In a study published in 2015 in the journal PNAS, researchers from Indiana University in the United States analyzed 22 million papers published over a period of 100 years that were indexed in the archives of the American Physical Society and the Web of Science. They found that the bulk of the articles that remained dormant for long periods of time but then became celebrated in their respective fields dealt with chemistry, physics, and statistics. The study by Indiana researchers calls attention to the fact that the very concept of an “impact factor” remained hidden for years in an article published in 1955 by Eugene Garfield. In that article, Garfield, who died in February 2017, presents ideas and concepts that would later be used to consolidate the Web of Science database maintained by Thomson Reuters. “The paper had been dormant for almost 50 years until it became popular in the early 2000s and was cited in works on bibliometrics, some of them by Garfield himself,” the study reports.

Van Raan explains that although they are concentrated more in the exact sciences, sleeping beauties can be found in practically all areas of knowledge. “I am beginning to investigate medical fields as well as the social sciences and hope to discover some interesting things,” says Raan, who is counting on the development of software that would be able to identify the sleeping beauties of science.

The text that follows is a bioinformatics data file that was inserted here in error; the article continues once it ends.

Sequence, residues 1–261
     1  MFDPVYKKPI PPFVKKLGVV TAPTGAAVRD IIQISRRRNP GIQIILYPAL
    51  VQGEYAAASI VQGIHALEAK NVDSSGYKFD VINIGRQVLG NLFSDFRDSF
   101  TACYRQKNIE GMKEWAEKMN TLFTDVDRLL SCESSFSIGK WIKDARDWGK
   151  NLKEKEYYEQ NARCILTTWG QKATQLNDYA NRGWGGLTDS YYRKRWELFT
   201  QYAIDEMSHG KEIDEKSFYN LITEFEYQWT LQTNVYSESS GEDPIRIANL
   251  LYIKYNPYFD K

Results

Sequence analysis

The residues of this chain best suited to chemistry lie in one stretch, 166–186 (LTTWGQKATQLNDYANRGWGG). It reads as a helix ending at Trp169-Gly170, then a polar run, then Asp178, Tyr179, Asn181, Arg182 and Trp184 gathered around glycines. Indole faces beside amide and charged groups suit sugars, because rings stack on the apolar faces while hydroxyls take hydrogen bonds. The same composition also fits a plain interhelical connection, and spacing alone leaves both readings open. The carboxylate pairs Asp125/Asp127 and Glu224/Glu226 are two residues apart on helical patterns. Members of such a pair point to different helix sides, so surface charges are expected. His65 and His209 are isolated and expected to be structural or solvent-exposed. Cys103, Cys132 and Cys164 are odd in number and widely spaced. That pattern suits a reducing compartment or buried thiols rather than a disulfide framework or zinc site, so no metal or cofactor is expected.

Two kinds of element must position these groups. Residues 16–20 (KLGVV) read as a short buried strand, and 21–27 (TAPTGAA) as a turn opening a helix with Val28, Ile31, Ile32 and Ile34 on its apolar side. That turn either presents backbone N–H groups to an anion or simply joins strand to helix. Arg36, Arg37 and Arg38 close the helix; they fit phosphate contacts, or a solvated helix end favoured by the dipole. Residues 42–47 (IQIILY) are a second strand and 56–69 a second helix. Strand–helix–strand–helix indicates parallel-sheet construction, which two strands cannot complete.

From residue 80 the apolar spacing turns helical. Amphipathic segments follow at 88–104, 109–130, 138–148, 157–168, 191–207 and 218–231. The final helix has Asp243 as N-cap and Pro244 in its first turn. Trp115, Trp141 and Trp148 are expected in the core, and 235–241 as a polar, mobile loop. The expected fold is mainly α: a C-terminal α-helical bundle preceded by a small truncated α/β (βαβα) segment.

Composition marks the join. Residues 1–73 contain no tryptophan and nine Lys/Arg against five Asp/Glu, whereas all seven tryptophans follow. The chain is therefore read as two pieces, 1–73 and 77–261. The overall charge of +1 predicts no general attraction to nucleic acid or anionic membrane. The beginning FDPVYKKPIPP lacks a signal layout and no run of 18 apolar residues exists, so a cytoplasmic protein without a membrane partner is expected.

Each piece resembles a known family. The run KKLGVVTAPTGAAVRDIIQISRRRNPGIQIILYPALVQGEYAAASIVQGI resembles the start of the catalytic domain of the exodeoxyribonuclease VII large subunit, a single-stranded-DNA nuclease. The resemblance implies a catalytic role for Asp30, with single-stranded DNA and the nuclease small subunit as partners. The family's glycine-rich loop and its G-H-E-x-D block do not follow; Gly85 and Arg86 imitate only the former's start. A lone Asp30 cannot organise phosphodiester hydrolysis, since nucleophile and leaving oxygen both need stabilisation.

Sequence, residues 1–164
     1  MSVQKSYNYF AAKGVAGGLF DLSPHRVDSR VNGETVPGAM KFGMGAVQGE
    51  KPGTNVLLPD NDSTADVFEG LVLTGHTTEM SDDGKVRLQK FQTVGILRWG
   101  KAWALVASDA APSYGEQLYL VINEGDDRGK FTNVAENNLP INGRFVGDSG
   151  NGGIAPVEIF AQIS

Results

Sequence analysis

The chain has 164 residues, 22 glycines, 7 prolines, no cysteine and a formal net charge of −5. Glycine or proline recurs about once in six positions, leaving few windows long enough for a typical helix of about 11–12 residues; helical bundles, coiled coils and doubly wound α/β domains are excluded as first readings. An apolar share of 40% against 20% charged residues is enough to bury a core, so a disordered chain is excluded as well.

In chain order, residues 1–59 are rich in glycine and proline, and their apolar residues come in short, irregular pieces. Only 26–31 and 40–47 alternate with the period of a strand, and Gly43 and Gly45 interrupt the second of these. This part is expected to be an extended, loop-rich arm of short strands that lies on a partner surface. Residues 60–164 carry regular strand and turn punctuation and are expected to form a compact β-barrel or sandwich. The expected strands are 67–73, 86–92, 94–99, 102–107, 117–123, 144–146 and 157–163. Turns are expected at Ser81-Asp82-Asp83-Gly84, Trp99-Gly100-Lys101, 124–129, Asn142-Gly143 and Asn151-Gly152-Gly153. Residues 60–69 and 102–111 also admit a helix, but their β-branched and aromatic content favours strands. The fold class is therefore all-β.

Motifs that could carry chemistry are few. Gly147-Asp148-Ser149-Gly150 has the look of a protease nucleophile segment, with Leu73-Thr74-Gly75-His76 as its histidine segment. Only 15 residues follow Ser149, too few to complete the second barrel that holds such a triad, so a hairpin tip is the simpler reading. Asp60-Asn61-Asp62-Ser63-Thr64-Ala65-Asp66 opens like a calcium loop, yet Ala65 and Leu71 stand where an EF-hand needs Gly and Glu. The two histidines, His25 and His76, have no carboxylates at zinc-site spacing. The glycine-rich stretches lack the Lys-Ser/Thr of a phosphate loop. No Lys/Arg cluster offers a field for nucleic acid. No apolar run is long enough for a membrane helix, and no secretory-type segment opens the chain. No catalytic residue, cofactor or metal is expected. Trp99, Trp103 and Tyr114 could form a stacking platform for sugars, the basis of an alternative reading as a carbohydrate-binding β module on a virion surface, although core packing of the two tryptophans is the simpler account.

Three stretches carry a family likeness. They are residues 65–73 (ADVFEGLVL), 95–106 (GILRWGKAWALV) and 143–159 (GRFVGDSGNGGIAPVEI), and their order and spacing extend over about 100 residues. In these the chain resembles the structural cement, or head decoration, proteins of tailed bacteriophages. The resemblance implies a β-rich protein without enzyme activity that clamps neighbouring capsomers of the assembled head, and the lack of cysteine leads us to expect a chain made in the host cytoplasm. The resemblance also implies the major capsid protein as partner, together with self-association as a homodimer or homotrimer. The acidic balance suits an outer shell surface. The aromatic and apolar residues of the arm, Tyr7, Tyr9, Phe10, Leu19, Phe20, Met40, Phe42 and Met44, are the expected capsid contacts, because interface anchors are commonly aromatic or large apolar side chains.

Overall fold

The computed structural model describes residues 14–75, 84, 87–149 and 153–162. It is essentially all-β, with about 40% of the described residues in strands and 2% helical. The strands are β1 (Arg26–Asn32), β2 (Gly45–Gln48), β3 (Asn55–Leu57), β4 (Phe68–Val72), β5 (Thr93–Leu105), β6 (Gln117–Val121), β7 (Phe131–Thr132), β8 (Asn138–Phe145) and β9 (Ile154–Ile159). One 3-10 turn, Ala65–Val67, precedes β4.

Paulo Artaxo, a professor at the Physics Institute of the University of São Paulo (USP), sees it as natural that good articles do not receive proper recognition at first glance. “Research projects involving ideas well outside the mainstream take time to be digested by the scientific community, which often tends to be shocked by new ideas and may even exhibit some prejudice,” he explains. He says that studies that try to analyze sleeping beauties may play an important role. “They may provide us with paths to an understanding of why big ideas go unnoticed. This is an opportunity for us to alert publishers to come up with strategies to make articles more visible and readable, because today there is an excessive degree of specialization in these research papers, which makes them hard to understand even for someone who is versed in that same field of research,” Artaxo observes. However, Ado Jório argues that it is up to the authors of the research papers to make an effort to publicize them, especially when they know they are proposing something that conflicts with the prevailing paradigm. “It’s not enough to publish an article and pray that it is read, understood and cited.” He recommends that researchers attend conferences, lectures and debates and continually look for occasions to talk about their research with people who may be interested in it.

Published in june 2017